Friday, March 23, 2018 [Tweets] [Favorites]

Dealing With Weak in Closure-based Delegation

Oleg Dreyman (via Joshua Emmons):

Let’s look at the core of the problem: 99% of the time, when assigning a delegation callback, there should be a [weak self] capture list, but nothing is actually preventing ourselves from omitting it. No errors, no warnings, nothing. What if instead we could force the correct behavior?

[…]

Leveraging the power of Swift generics, we can do better:

struct DelegatedCall<Input> {

    private(set) var callback: ((Input) -> Void)?
    
    mutating func delegate<Object : AnyObject>(to object: Object, with callback: @escaping (Object, Input) -> Void) {
        self.callback = { [weak object] input in
            guard let object = object else {
                return
            }
            callback(object, input)
        }
    }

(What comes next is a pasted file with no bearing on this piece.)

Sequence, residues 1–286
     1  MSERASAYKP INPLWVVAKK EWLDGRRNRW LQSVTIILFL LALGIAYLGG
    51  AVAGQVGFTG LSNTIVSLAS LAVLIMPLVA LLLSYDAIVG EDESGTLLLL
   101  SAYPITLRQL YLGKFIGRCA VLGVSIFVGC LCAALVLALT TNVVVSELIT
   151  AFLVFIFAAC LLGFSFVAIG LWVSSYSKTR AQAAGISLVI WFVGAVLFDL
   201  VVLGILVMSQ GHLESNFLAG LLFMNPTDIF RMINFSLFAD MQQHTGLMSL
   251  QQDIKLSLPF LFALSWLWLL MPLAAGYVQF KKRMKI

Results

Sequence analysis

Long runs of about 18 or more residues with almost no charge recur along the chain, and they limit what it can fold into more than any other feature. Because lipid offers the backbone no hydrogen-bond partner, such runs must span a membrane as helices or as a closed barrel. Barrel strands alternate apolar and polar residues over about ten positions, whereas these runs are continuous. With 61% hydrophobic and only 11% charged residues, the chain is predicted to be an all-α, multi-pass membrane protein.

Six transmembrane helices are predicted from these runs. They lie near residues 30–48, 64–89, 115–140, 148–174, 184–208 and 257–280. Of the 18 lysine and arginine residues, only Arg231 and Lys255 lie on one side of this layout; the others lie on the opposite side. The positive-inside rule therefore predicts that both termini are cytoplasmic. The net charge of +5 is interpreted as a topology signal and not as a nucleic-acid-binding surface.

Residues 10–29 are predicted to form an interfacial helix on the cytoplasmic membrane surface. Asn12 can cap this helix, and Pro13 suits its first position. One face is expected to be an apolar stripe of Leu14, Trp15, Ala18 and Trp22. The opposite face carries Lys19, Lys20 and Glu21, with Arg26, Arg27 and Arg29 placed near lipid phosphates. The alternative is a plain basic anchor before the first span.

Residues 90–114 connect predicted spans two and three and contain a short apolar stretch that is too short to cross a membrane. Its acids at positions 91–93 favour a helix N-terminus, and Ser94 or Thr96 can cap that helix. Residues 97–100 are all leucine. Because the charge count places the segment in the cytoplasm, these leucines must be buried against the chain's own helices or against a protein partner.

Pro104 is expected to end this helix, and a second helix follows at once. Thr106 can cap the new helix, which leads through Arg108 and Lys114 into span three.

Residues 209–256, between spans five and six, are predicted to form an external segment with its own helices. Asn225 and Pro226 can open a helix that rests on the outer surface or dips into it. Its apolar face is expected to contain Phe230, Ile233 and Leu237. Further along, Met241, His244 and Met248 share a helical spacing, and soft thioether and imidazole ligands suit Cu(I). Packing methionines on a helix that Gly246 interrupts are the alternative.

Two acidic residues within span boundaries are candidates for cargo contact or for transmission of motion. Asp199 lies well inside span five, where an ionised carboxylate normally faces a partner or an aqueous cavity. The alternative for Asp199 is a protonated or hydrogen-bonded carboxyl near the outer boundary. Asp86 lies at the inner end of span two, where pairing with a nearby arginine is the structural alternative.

}

2 Comments

Dreyman's general thesis is solid:

Previously [in the classic Cocoa delegate pattern], the designer of an ImageDownloader API was responsible for not introducing any memory leaks to our app. Now [with closure-based delegation], it’s an exclusive obligation of the API user.

However, I disagree with his taste that this kind of declaration

 init() {
        downloader.didDownload.delegate(to: self) { (self, image) in
            self.image = image
        }
    }

is more developer-friendly than the original

    init() {
        downloader.didDownload = { [weak self] image in
            self.image = image
        }
    }

Despite my distaste for Swift's disorganized “junk after the opening brace” closure syntax, the capture list still seems a bit cleaner compared to the extra method call and shadowing of `self` as an additional parameter.

@Ben His way is definitely less clean. The question is whether it’s worth it to prevent errors.

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